We (Huck and Tom – Saul and Marvin) stopped in Vicksburg, population 26,000, the site of the biggest battles of the Civil War. Imagine standing on the roof of the Cedar Grove Inn, a “preserved mansion.” One hundred fifty-five years ago, General William T. Sherman supposedly used the place to observe the River from where Union gunboats pounded the city. General Grant ordered a siege to cut off food supplies. It worked. On July 4, after a month- and a half-long battle and faced with starvation, Rebel General John Pemberton surrendered. Confederate diehards will never forgive him. After the battle of Vicksburg, Lincoln’s armies controlled the Mississippi River. One day earlier, Robert E. Lee had conceded defeat at Gettysburg. Not a drop of Civil War blood remains on the upscale B&B (bed and breakfast), but popular myth asserts that a cannonball is still lodged in the Inn’s interior. The mansion once belonged to John Alexander Klein, a banker, lumber and cotton baron who bought marble fireplaces in Italy and shipped them home to Mississippi, along with French gasoliers, Bohemian glass, gold leaf mirrors and old fashioned clocks and paintings that hang throughout the Inn. Klein’s wife was related to General Sherman. Family ties apparently persuaded her to let the Union use their home as a hospital. The pro Dixie elite shunned her ever after. We breathed in the trivia of southern history along with steamy June air in Vicksburg’s sleepy neighborhoods. In 2007, the city’s official unemployment rate was listed as almost 8.5%. 60% of Vicksburg’s population is black where unemployment was higher than white. The median family income was $28,000, $6,000 less than the state average. But the old “preserved” houses sure looked stately. We continued south parallel to the gently flowing River. Iowa towns suffered heavy flooding, but we saw no dead hogs or soggy ears of corn floating downstream. In Port Gibson, MS, we stopped to film a gold-leaf hand atop the steeple on the First Presbyterian Church. Inside the forbidding structure the chandeliers that light the services were supposedly bought or stolen from the Robert E. Lee steamboat -- “it was never there on time,” sang Tom Lehrer. People in passing cars stared at two seniors with one camera standing in intense heat and humidity trying to capture the best light on the shiny object high above. How to respond? Hadn’t they ever seen Yankee filmmakers? “Historic” Port Gibson has an even lower median family income than Vicksburg. From there we drove down the Natchez Trace, the 400 mile road -- once trail -- Indians utilized to go from what became Nashville to Natchez, a road that also links the Cumberland, Tennessee and Mississippi rivers. Supposedly, Indians also showed the route to the “explorers” who converted it into a trade trail in the late 18th Century. A bucolic highway has replaced the narrow horse path as the Mississippi River has replaced the Trace as the efficient commercial route for getting goods down river. We saw no trace of legendary criminal gangs like those of John Murrell and Samuel Mason who once assaulted travelers along the road. Crossing the Mississippi into Louisiana, we anxiously stared as if somehow the River would tell us whether the flood inundating more northern states was intending to move south. The battle against Nature -- now called Global Warming or Climate Change -- did not begin this century. In 1927, the Mississippi flood changed the demography of part of the country, according to John M. Barry. (Rising Tide: The Great Mississippi Flood of 1927 and how it Changed America, 1997) In the Fall and Winter of 1926, Midwestern states got drenched with heavy rain and then snow storms. By April 1927, the Mississippi began to rise with its new replenishment. The Mississippi River Commission fortified existing levees and shut down the Mississippi’s natural outlet, the Atchafalaya River. Just above Greenville, Mississippi, where the levees had held previous rises in River level, 100 feet of water submerged them and everything else around, even the tallest trees. The flood on the Mississippi Delta forced people to evacuate -- some of them forever. Barry calculates that “by early 1928, the exodus of blacks from Washington County, and likely the rest of the Delta, did reach 50 percent.” A new planter class later emerged with its concordant political power and white supremacy attitudes. In New Orleans, the banking elite -- the best and brightest -- decided to dynamite their city’s levees, which they predicted would protect the commerce of the city. After the 1922 flood, the Army Corps of Engineers advised these Poo Bahs to blow a hole in the levee in order to save the business center. Boom went the explosives. The ensuing floods covered the city and nearby parishes as well. A few engineers had predicted such devastation, but their voices went unheard. The aftermath of the floods produced not only black exodus, but a new plantocracy in Mississippi. The power of the old Louisiana banking clique waned and Huey Long rose. Nature in the form of a major flood dictated changes in demographics and politics. By 1927, some engineers understood (remember Moby Dick?) that man cannot rule the river. FEMA by its very name recognizes that obvious fact. But its officials’ incompetence after the 2005 Hurricane Katrina catastrophes also challenged the government’s ability to deal with post disaster damages. The Corps of Engineers now “protect” the Mississippi Delta with “Project Flood.” They built various exits for the raging river to vent -- like emergency truck lanes where semis with bad brakes can choose an uphill path on a downhill section of highway. The Corps learned from the 1927 fiasco to split the flooding river between the Atchafalaya and Mississippi. But they didn’t have enough money to do the safety work; nor can they predict the behavior of the Atchafalaya, which steers a more direct route to the Gulf than the Mississippi. We explored the banks of the Atchafalaya and took note of the sign indicating the location of The River Project, which the Corps credits for diverting the Atchafalaya from joining Mississippi and thus “saving” New Orleans during the 1948 flood. We stopped at a campground on the banks of the Atchaflaya outside of Krotz Springs, and met Tony, his bloodhound and his friend Kyle, an unemployed welder. Tony sneered at Bush’s “throwing away money on Iraq” while the structures meant to hold back the raging rivers went un-repaired. He told us of poorly publicized horrors surrounding Katrina. We discovered -- read about it next week -- that incompetence, ignorance, negligence and stupidity abounded, but even worse behavior took place involving the New Orleans police -- looting and killing. When Tony left with his bloodhound, Kyle asked us to drive him to town to buy some food -- three 12 packs. He showed us the vast Valero refinery on the edge of town where he suffered several accidents and got laid off. We drove to Beaux Bridge, outside of Lafayette, Louisiana, ate dinner at Prejean’s, listened to an inaudible Cajun band while chewing boudin (usually pork, sausage and rice) of alligator, stuffed eggplant (with crawfish) and crawfish etouffee – the sauce containing flour, butter, onion, cayenne pepper, and lemon slices. Our stomachs coated with Tums, we headed for New Orleans, via St. Martinville, where we gawked at the St. Martin de Tours Church, the oldest parish in southwest Louisiana. Martin, a Hungarian knight, saw a beggar, took pity on him and, according later that night had an epiphany. The beggar was Jesus. Based on that “revelation,” Martin switched careers from knight to priest, rose to bishop and got sainted. The small statue on the pulpit, Jerry Dohmann Jr., the church handyman told us, led to a New York City priest getting bounced from the parish. He disliked the statuette and ordered it removed. “That New Yorker didn’t last long down here,” Jerry smugly boasted. Henry Wadsworth Longfellow wrote about St. Martinville, a historic sign marker informed us. We see the magnificent oak where Evangeline waited in vain for her lover. In 1928, Huey Long delivered a major campaign speech in St. Martinville, beneath that sad tree. “Where are the schools that you have waited for your children to have, that have never come?” Long asked, “the roads…that are no nearer now than ever before? “Evangeline wept bitter tears in her disappointment,” he concluded, “but it lasted only through one lifetime. Your tears in this country, around this oak, have lasted for generations.” In New Orleans, tens of thousands continue to weep in disappointment. Like Evangeline’s lover, their government has yet to appear -- except as an adversary. (More on this next week.)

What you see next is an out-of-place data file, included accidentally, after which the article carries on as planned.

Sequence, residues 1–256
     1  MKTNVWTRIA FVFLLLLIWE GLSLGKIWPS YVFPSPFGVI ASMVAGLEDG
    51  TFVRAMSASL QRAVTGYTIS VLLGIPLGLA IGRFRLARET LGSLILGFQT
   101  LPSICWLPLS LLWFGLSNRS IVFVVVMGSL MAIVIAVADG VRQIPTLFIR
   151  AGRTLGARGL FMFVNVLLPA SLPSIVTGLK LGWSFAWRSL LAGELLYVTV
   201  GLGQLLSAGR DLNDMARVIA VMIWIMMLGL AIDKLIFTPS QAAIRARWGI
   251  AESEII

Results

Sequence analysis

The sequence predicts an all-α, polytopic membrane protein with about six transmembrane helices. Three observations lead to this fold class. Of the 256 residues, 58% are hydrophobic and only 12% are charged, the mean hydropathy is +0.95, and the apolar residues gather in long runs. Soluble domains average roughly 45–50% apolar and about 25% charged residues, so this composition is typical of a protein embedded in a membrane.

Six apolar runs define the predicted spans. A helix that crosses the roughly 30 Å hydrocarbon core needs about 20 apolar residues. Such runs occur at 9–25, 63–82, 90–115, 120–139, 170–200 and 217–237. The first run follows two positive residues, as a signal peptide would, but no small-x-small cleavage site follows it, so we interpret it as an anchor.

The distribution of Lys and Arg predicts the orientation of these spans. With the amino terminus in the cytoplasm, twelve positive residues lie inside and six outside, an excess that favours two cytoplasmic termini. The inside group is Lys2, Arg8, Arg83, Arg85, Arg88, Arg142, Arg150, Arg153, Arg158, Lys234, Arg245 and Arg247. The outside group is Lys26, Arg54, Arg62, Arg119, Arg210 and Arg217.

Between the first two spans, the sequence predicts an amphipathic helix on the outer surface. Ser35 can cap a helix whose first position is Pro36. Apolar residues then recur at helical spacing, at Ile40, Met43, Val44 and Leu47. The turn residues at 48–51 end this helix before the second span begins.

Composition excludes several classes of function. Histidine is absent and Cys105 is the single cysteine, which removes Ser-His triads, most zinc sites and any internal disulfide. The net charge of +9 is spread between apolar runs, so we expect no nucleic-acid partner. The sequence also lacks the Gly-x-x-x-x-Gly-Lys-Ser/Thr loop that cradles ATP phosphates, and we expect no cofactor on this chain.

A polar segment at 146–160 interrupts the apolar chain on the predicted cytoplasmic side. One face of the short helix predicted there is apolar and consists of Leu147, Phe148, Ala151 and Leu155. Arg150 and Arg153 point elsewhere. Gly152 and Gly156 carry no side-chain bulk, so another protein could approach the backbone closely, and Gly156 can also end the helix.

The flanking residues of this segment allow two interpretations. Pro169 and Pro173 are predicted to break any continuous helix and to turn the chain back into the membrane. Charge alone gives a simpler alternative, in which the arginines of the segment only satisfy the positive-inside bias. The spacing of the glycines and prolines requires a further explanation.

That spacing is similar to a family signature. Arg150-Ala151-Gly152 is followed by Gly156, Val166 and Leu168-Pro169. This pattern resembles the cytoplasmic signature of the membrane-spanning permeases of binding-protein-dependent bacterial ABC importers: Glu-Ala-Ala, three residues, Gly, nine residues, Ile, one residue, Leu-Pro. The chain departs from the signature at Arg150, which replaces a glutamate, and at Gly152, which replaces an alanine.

Saul Landau is a Fellow of the Institute for Policy Studies and a senior fellow of the Transnational Institute. His latest book is A Bush and Botox World. His latest film is We don't play golf here! And other stories of globalisation .